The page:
But….ahem… hmm… Pete?

Ah well, the Pete-following grew on me. During the first few years I hated him. And think a bit and you will understand why. Boris was someone I really admired, and Boris was the person whose throne was taken by Pete at Wimbledon. But then, after Boris was semi-retired, I had to make a compromise. During that time, the hogwash which was the greatest two-way tie-up for the best tennis player, was at fever pitch. And while Pete was all class and little hype, Agassi was the mirror reverse. And well, there were few players but for the two with real class during this time. A fading Boris, an unfocussed Rafter, a crazy Goran, a limited Kafelnikov and a one-dimensional Bruguera…. And Sampras for all his greatness, has a rather easy time picking up all the Grand Slams. And he did it all with exemplary politeness….. now when did we last see that in an American sportsperson?

The golden age of American men’s tennis would include the whole of the ‘90’s with Pete, Andre, Courier and Chang and the master of five-setters Todd Martin dominating the scene, with lesser lights like Vince Spadea and MaliVai Washington (who reached a Wimbledon final once) and Paul Goldstein and Justin Gimelstob also making regular grand slam appearances.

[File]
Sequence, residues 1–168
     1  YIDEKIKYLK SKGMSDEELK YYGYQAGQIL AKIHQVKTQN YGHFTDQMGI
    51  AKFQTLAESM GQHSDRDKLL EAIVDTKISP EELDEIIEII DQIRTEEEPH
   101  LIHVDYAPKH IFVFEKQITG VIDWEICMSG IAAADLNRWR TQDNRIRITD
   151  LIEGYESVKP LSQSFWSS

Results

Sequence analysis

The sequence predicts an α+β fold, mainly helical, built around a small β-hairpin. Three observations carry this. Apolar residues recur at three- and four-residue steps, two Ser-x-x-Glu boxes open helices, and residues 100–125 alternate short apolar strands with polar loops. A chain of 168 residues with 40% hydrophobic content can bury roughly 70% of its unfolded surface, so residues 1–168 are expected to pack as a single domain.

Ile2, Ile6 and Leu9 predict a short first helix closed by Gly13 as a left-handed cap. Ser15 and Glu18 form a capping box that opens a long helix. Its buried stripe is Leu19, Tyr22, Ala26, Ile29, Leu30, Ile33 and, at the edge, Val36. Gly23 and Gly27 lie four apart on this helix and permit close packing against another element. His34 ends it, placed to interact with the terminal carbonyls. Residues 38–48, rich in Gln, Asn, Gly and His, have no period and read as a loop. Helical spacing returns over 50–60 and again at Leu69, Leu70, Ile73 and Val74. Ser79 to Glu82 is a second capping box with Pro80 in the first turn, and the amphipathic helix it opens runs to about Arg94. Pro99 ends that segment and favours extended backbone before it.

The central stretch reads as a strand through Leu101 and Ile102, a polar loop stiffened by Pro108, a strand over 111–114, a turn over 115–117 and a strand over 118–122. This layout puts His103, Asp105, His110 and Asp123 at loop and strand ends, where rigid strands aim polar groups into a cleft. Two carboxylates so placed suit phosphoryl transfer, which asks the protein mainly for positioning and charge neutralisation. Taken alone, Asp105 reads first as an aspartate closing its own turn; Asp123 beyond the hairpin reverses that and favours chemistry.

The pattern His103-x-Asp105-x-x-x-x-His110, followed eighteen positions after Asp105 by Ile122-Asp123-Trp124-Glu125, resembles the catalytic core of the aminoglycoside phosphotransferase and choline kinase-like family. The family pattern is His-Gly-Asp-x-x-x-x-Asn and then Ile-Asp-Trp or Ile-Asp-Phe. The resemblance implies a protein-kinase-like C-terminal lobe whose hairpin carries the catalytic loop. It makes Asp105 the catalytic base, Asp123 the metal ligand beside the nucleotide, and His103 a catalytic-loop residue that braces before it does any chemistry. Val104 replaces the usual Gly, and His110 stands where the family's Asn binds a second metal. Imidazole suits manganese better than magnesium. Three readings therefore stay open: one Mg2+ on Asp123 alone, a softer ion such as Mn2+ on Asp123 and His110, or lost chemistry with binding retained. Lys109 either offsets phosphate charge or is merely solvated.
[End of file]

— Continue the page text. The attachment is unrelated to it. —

The women’s game has started producing quality Americans too. Jennifer Capriati, with her topsy-turvy career, had to be a favourite. As would be Lindsey Davenport, who had been as well behaved a champion as Pete, I must say. And well, I didn’t like the Williams sisters much when they were at their best, they seemed to dominate the game a bit too much, and if I start dispassionate in sport-watching (which is rare indeed), I will support the underdog. Now, is different. I supported Venus in her Wimbledon triumph against Davenport. And they are quite young as well, so I would like to imagine that the women’s side of the game is in safe hands as for the Americans.

And the Americans have continued producing wonderful doubles players…. Possibly not as many as the Aussies, but enough still. The Bryan brothers and Gigi Fernandez and Lindsey herself and Zina Garrison had certainly made the Americans proud.